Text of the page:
• 9. SWAMI VIVEKANANDA: SOME CONTRIBUTIONS TO EDUCATIONAL THINKING THE OBJECTIVES OF EDUCATION  To strive towards character development characterized by the development of will-power, leading to courage, stamina and fearlessness.  To develop adaptability and able to meet the challenge of a changing society.  To lead to a feeling of brotherhood and the unity of mankind.  To serve God through serving the masses;work is worship.  To acquire the spirit of renunciation.
  • 10. SWAMI VIVEKANANDA: SOME CONTRIBUTIONS TO EDUCATIONAL THINKING THE METHOD OF TEACHING Consequently, these are the methods of teaching according to Vivekananda:  The task of the teacher is only to help the child to manifest its knowledge by removing the obstacles in its way.  The learner is just like a plant, one cannot do anything more than supplying it water, air, manure while it grows from its own nature. “ Knowledge is inherent in every man’s self;what man knows is only what he discovers by taking the cover off his own soul.” “ Knowledge is inherent in every man’s self;what man knows is only what he discovers by taking the cover off his own soul.”
  • 11. SWAMI VIVENKANANDA: SOME CONTRIBUTIONS TO EDUCATIONAL THINKING THE METHOD OF TEACHING  The method of teaching must be problem-solving under the bias-free guidance of the teacher; the teacher’s role is just a facilitator, similar to the modern educationist’s Heuristic method.  The teacher has to come down to the level of the learner and give him a push upwards; thus there should be least intervention and the ideal teacher should consciously under-teach so that the learners get the ample scope for learning themselves. “No one can teach anybody. The teacher spoils everything by thinking that he is a teacher”(1993:56) “No one can teach anybody. The teacher spoils everything by thinking that he is a teacher”(1993:56)
  • 12. SWAMI VIVENKANANDA: SOME CONTRIBUTIONS TO EDUCATIONAL THINKING ROLE OF THE TEACHER Vivekananda specifies the role of the teacher as follows:  The teacher should share with the student the conviction that they are both truly one in spirit-at the same time cultivating in the student a feeling of dignity and self-respect  The only true teacher is he who can immediately come down to the level of the student, and transfer his soul to the students’ soul and see through the student’s eyes and hear through his ears and understand through his mind. Such teacher can teach and none else.
  • 13. SWAMI VIVEKANANDA: SOME CONTRIBUTIONS TO EDUCATIONAL THINKING ROLE OF THE TEACHER  To make the mind grow by unfolding and unveiling the natural power inherent in man.  The children teach themselves, the duty of the teacher is to offer them opportunity and remove obstacles; that is, if we provide conducive environment the rest will happen by itself.  The teacher’s role is unimportant; it necessitates the teacher’s personal, constant contact with the students. Knowledge exists in the mind, like fire in a piece of flint. Friction brings it out. Knowledge exists in the mind, like fire in a piece of flint. Friction brings it out.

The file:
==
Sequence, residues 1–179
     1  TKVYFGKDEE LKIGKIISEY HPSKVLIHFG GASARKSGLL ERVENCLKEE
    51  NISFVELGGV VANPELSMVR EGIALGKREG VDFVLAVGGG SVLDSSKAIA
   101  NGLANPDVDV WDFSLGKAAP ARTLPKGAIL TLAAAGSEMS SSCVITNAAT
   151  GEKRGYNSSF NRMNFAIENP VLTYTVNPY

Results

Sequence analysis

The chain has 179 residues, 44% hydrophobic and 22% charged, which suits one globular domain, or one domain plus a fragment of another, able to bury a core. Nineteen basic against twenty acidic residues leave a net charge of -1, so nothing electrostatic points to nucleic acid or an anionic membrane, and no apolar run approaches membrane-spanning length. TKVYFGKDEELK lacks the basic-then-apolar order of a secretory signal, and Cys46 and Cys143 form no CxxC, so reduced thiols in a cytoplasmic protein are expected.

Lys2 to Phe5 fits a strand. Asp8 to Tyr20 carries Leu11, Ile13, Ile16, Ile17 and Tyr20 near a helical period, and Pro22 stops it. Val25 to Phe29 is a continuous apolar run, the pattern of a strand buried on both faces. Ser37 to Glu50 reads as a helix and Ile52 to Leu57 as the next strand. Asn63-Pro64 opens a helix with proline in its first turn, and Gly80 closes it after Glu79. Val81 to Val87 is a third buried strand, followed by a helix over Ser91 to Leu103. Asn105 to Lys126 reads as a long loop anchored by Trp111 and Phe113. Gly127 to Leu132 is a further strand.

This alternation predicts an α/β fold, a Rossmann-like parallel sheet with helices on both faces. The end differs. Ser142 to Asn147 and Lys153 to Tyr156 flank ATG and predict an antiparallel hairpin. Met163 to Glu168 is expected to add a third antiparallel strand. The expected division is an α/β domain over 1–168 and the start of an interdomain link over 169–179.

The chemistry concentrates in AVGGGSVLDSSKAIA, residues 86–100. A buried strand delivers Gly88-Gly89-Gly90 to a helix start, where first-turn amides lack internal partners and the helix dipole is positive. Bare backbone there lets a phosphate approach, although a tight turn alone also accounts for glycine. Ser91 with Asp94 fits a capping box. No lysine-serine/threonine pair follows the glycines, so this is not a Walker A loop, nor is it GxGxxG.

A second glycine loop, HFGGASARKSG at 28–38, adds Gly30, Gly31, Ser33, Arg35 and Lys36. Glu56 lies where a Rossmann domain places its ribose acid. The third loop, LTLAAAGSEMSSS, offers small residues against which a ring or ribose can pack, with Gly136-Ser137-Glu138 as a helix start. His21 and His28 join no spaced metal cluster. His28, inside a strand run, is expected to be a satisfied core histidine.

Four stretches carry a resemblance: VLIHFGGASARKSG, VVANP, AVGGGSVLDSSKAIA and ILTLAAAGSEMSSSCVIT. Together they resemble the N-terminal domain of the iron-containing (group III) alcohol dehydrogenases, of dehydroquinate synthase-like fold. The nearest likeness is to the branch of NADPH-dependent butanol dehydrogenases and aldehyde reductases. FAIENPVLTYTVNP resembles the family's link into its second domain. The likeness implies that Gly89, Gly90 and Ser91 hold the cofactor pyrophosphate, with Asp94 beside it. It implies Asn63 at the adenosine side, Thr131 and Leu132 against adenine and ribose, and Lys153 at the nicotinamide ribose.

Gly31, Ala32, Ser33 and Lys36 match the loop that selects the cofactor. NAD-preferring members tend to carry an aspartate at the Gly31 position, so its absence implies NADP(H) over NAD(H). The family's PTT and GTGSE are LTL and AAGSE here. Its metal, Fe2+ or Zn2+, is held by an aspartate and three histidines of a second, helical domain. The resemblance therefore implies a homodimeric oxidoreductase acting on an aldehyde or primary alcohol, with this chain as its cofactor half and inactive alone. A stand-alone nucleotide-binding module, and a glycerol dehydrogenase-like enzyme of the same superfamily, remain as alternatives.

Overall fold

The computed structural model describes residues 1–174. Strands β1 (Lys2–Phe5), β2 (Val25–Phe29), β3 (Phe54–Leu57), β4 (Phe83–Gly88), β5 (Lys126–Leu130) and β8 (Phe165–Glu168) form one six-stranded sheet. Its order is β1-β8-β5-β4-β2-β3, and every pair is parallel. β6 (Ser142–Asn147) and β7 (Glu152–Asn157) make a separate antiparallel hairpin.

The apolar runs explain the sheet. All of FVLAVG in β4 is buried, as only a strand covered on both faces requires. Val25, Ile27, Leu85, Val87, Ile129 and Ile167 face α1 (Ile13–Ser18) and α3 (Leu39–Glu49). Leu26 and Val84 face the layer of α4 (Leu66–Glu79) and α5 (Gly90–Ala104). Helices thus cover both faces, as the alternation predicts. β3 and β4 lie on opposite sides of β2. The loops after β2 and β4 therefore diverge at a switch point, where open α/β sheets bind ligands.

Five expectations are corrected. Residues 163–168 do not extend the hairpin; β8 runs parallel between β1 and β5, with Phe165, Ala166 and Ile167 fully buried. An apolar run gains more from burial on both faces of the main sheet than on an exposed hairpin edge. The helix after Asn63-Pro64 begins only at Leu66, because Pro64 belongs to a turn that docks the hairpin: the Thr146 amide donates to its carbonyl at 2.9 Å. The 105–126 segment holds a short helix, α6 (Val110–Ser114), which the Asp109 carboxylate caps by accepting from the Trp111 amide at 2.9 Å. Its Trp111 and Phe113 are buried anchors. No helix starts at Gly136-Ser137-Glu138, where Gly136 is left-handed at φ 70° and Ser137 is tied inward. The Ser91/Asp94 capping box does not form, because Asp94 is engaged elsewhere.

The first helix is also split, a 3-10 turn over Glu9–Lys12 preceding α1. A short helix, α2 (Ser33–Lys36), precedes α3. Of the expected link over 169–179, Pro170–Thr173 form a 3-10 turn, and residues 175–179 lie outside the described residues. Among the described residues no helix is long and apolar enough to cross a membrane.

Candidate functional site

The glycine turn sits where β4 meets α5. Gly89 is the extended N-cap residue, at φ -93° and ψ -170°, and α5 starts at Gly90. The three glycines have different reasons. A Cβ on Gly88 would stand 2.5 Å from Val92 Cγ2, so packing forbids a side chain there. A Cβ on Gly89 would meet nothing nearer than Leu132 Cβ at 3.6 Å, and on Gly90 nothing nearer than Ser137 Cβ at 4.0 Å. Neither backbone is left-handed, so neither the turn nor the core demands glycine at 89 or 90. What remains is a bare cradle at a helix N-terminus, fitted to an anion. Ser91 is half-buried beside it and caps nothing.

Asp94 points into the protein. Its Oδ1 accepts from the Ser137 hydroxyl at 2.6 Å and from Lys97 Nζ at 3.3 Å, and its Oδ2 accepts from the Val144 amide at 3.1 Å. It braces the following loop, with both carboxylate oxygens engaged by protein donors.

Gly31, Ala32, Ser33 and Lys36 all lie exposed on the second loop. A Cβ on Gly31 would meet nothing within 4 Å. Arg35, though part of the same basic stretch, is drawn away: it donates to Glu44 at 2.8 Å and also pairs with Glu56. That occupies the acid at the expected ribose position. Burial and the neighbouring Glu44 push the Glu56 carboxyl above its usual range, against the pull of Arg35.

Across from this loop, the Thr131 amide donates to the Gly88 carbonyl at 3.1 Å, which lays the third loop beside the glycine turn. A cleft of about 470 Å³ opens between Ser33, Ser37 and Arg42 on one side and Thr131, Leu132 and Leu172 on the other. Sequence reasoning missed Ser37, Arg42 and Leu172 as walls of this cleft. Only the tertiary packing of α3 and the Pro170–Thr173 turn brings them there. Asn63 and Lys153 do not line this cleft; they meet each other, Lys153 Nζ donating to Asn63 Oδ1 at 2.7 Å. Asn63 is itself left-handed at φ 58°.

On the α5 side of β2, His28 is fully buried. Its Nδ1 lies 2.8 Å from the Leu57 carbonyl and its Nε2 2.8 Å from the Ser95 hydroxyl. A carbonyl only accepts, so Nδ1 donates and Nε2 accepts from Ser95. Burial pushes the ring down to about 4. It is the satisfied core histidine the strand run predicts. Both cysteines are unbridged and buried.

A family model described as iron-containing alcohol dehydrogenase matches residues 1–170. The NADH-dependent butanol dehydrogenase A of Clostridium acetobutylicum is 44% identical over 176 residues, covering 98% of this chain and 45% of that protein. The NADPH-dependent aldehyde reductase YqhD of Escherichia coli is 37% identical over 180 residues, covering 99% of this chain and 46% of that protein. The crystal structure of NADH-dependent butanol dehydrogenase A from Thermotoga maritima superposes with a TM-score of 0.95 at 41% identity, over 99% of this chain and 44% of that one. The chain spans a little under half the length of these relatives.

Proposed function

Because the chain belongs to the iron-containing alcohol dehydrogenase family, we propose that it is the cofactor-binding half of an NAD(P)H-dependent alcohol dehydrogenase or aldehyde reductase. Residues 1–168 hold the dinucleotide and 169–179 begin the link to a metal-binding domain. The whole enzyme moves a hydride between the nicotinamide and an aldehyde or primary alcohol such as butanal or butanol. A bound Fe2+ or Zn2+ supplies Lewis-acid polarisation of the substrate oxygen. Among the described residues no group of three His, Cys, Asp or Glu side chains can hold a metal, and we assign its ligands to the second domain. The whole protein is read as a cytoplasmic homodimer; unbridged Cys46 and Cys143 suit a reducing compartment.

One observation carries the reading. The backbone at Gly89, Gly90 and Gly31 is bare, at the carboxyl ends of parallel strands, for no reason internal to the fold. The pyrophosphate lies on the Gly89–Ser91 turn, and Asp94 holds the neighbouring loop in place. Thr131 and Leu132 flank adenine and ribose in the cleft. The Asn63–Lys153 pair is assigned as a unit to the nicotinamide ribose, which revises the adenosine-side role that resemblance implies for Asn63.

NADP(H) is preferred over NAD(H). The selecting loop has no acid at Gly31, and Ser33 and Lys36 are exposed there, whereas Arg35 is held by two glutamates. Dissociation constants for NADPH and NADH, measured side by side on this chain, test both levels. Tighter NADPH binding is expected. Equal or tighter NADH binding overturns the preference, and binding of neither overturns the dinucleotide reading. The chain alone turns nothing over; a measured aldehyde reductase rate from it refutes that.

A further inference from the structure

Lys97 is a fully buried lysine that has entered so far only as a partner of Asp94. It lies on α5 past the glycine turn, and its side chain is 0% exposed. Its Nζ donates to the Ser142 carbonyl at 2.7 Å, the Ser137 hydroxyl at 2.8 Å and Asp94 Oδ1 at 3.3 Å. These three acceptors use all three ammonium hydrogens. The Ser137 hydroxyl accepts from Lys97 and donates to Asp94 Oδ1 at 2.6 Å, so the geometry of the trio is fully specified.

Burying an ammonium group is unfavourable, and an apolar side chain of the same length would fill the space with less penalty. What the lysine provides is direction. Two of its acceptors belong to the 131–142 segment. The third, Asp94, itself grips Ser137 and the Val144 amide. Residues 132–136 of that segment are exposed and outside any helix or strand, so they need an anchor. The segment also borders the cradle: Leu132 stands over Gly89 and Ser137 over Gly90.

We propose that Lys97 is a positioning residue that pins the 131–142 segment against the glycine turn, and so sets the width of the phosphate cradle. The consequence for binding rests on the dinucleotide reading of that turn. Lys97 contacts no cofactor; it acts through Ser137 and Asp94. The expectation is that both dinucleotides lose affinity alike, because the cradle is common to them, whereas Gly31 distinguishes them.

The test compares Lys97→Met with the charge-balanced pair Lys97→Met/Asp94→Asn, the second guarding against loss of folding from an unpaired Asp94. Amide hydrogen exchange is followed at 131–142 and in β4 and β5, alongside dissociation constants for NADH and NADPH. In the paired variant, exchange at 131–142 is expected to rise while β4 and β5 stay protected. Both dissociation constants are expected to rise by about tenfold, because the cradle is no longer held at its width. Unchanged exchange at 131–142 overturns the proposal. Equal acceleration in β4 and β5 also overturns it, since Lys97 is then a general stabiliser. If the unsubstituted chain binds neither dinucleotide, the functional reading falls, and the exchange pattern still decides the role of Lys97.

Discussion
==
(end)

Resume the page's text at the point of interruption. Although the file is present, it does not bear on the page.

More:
• 14. SWAMI VIVEKANANDA: SOME CONTRIBUTIONS TO EDUCATIONAL THINKING ALL ROUND DEVELOPMENT  Although Vivekananda’s vision of education lays extreme emphasis on the training of the mind it does not undermine the importance of an all-round development of the human personality. Its aim is untrammeled development of the personality in all sphere-physical, mental and spiritual.  He believes that physical exercises must be part of the educational training since a sound mind resides in a sound body; the self cannot be realized by the physically weak.  The mind of the students has to be controlled and trained controlled through meditation, concentration and practice of ethical purity.
  • 15. SWAMI VIVEKANANDA: SOME CONTRIBUTIONS TO EDUCATIONAL THINKING ALL ROUND DEVELOPMENT  He emphasizes that all success in any line of work is the result of concentration, which necessary implies detachment from other things, constitutes self-control for securing harmony of the impulses. “Education is the manifestation of the perfection already in man, therefore, a teacher’s job is only to remove obstruction from the pupil’s path… Education is not a mere accumulation of information but a comprehensive training for LIFE.” “Education is the manifestation of the perfection already in man, therefore, a teacher’s job is only to remove obstruction from the pupil’s path… Education is not a mere accumulation of information but a comprehensive training for LIFE.”